Herb Kawainui Kane

View Art by Herb Kawainui Kane

HERB KAWAINUI KANE (pronounced KAH-ney) is an artist-historian and author with special interest in Hawai'i and the South Pacific. Born in 1928, he was raised in Waipi'o Valley and Hilo, Hawai'i, and Wisconsin. After Navy service, he studied at the School of the Art Institute of Chicago (master's degree 1953) and at the University of Chicago. He resides in rural South Kona on the island of Hawaii.

Mr. Kane’s experience has included advertising art, publishing art, architectural design, painting, writing, and sculpture. Clients include many private collectors, the Hawaii State Foundation on Culture and the Arts, the National Park Service, National Geographic, and major publishers of books and periodicals. His art has appeared on seven postage stamps for the U.S. Postal Service, as well as stamps for the Republic of the Marshall Islands, the Federated States of Micronesia, and French Polynesia. As a design consultant, he has worked on resorts in Hawaii and the South Pacific and a cultural center in Fiji. Books now in print are Pele, Goddess of Hawaii's Volcanoes (1987, revised 1995), and Voyagers (1991, reprinted 2006) which includes 140 of his works in color. Another illustrated book, Ancient Hawaii August 1998, describes the arts, skills, society and world-view of the Polynesians who discovered and flourished in what became the Hawaiian Islands.

Research on Polynesian canoes and voyaging led to his participation as general designer and builder of the sailing canoe Hokule'a, which he served as its first captain in 1975. Hokule'a has now made several Hawaii-Tahiti voyages, and voyages to New Zealand, Easter Island, Tonga, the Marquesas Islands, the Cook Islands, Micronesia and Japan, of which more than 110,000 miles were navigated without modern instruments. He is well known for paintings that expertly depict the many types of Polynesian and Micronesian sailing canoes. In 1984 he was elected a Living Treasure of Hawaii. In the 1987 Year of the Hawaiian Celebration, he was one of sixteen persons chosen as Po'okela(Champion). From 1988 to 1992 he served as a founding trustee of the Native Hawaiian Culture & Arts Program, a Federal program at Bishop Museum. In 1998, he was awarded Bishop Museum's Charles Reed Bishop Medal. In 2002, he received an award for excellence from The Hawaii Book Publishers Association.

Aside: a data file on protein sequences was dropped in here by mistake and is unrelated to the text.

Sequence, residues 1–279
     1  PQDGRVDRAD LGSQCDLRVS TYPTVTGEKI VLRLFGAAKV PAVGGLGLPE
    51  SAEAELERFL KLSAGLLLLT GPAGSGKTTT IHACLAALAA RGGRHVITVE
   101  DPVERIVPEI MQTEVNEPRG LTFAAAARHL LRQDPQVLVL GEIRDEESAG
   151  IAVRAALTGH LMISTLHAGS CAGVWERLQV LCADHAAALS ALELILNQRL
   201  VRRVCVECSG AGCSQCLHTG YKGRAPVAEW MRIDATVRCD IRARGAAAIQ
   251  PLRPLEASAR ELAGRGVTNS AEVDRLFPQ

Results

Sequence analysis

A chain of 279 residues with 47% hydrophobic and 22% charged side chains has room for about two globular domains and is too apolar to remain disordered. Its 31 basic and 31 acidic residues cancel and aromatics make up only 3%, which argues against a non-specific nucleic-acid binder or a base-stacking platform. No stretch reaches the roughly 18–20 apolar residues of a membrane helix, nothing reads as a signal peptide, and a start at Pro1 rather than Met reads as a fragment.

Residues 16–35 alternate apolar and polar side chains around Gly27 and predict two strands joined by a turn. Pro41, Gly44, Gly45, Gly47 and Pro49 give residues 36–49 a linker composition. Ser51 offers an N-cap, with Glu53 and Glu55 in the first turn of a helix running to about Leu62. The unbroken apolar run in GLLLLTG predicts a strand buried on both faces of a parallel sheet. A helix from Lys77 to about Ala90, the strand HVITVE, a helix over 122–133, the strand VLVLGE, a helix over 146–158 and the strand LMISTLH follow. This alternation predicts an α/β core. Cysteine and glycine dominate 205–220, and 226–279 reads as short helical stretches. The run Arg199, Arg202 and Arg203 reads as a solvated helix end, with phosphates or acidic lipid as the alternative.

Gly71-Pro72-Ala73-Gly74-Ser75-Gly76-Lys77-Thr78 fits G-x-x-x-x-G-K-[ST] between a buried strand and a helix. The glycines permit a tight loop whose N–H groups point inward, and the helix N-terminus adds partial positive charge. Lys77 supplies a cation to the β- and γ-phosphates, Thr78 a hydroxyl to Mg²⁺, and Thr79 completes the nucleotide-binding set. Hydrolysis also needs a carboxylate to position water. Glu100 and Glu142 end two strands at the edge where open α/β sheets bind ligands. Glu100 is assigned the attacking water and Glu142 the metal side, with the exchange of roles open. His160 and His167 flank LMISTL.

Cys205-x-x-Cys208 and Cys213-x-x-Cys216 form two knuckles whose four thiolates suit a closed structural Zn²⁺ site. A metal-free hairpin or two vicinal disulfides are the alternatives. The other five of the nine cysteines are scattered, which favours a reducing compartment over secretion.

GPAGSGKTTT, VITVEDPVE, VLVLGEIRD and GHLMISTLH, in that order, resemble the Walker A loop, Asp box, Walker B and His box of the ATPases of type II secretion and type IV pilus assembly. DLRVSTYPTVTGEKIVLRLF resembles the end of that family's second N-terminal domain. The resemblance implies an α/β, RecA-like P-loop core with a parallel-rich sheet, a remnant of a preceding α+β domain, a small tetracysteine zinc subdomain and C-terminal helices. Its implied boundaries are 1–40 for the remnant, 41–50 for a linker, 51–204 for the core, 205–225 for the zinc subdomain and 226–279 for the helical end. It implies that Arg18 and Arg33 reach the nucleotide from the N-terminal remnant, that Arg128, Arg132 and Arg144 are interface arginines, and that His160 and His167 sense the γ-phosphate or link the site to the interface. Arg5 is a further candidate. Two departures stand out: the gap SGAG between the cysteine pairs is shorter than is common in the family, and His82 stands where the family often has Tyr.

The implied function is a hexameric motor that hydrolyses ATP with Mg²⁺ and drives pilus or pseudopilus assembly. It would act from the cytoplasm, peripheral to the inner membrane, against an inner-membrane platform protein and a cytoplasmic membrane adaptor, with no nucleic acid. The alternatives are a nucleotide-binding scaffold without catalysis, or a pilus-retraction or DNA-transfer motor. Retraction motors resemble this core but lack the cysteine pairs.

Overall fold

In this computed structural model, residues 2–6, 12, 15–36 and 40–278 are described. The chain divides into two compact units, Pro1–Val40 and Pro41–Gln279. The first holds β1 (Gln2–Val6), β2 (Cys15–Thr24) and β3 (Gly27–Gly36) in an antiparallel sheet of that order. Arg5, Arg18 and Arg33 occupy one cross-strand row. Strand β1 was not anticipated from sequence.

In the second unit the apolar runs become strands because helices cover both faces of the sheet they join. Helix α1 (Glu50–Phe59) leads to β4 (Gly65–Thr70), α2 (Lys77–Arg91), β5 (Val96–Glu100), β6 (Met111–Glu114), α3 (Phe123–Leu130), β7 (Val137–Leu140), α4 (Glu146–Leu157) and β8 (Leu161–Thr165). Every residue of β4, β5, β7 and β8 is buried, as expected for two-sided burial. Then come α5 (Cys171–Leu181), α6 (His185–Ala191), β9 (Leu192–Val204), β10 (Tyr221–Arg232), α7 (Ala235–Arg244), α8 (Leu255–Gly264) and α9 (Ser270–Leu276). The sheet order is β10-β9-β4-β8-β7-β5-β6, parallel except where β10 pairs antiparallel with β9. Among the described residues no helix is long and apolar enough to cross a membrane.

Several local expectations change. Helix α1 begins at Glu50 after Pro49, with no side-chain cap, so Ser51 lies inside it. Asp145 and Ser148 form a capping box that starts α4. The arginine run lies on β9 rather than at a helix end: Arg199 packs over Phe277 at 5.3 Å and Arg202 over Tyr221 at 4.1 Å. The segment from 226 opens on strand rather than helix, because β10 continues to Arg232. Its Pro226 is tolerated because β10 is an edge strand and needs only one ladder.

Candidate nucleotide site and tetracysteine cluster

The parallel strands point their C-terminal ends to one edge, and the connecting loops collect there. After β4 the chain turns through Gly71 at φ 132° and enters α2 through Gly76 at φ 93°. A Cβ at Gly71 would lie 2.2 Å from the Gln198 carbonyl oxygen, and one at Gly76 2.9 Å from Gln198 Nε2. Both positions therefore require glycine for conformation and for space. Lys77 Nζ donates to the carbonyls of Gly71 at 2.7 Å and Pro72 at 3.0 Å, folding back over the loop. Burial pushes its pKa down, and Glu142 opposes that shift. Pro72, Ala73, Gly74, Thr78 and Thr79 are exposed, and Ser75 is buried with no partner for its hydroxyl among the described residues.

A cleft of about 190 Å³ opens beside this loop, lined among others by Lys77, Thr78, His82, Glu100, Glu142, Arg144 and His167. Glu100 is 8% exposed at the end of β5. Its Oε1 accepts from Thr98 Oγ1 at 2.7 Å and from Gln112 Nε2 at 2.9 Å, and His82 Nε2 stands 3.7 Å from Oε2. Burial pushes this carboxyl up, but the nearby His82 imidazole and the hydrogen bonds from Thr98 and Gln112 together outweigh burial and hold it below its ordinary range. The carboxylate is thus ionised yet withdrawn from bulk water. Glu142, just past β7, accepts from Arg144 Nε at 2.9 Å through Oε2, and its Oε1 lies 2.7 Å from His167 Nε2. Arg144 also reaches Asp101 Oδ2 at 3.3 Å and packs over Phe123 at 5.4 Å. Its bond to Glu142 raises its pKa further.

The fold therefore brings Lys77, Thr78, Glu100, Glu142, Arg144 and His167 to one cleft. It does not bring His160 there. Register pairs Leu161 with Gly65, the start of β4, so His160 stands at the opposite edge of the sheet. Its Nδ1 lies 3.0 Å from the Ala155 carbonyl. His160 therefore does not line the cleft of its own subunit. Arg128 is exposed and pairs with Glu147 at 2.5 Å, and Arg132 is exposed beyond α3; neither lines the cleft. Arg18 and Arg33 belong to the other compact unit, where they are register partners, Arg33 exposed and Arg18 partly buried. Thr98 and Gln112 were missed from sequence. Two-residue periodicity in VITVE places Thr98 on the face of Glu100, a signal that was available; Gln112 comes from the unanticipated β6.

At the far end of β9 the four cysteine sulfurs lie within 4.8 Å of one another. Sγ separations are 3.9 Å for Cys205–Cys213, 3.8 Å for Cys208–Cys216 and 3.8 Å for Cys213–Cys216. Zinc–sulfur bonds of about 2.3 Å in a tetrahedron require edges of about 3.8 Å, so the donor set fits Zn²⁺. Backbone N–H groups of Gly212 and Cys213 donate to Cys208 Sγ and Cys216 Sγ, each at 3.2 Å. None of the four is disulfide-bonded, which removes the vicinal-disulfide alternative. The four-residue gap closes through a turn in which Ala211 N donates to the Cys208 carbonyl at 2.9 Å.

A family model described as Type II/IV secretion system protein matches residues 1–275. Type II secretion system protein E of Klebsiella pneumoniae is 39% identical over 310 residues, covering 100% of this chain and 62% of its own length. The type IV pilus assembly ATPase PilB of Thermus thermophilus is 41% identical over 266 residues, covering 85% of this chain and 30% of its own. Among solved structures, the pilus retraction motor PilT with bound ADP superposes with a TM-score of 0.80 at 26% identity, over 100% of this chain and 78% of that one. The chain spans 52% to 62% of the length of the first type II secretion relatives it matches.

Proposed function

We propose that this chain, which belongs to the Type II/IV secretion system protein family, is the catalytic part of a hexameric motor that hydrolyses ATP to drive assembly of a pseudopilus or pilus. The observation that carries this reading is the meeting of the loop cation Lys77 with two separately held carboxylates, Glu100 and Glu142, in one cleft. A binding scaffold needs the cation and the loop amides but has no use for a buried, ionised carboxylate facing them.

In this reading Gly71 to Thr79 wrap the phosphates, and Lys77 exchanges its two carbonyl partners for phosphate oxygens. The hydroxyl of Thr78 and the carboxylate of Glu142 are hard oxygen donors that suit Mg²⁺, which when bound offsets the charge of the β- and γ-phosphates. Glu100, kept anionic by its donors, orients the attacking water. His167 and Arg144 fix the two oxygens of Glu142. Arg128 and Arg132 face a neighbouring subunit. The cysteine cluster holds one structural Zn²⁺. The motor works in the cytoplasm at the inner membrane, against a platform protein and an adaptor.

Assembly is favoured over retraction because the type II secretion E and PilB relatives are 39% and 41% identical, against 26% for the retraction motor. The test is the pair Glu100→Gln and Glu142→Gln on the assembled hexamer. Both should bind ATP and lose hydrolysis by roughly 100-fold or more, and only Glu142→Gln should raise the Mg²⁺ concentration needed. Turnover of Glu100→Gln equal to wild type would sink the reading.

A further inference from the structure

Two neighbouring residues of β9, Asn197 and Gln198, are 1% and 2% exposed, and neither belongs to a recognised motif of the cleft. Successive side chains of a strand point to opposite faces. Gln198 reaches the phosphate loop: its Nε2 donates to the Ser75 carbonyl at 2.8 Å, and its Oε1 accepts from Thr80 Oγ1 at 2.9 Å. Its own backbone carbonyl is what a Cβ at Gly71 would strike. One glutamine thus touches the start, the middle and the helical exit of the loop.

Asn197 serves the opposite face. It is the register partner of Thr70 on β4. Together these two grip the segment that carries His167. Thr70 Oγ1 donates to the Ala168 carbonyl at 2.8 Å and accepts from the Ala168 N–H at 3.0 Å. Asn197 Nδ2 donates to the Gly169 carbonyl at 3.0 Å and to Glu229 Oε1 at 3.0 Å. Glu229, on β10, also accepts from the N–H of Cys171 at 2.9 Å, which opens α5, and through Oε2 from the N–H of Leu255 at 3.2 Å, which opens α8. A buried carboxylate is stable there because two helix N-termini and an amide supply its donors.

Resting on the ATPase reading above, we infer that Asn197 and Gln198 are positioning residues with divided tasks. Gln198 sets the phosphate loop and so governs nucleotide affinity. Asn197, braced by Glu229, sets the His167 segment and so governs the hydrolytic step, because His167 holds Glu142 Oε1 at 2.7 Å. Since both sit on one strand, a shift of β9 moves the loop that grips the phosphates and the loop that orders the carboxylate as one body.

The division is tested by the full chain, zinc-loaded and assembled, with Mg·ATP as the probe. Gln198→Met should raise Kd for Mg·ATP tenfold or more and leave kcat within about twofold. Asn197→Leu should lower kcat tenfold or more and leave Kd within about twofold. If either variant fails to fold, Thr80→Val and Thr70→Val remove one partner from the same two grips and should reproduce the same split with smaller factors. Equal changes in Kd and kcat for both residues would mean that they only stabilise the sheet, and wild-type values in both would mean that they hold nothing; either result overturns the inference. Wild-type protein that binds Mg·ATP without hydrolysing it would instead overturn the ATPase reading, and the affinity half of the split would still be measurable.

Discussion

Very sadly, Mr. Kane passed away on March 8, 2011. His contributions to Hawaii and to the Hawaiian people cannot be overstated; he not only served as a historian and author, but also as a tremendous role model for all people. Herb Kane will be missed tremendously.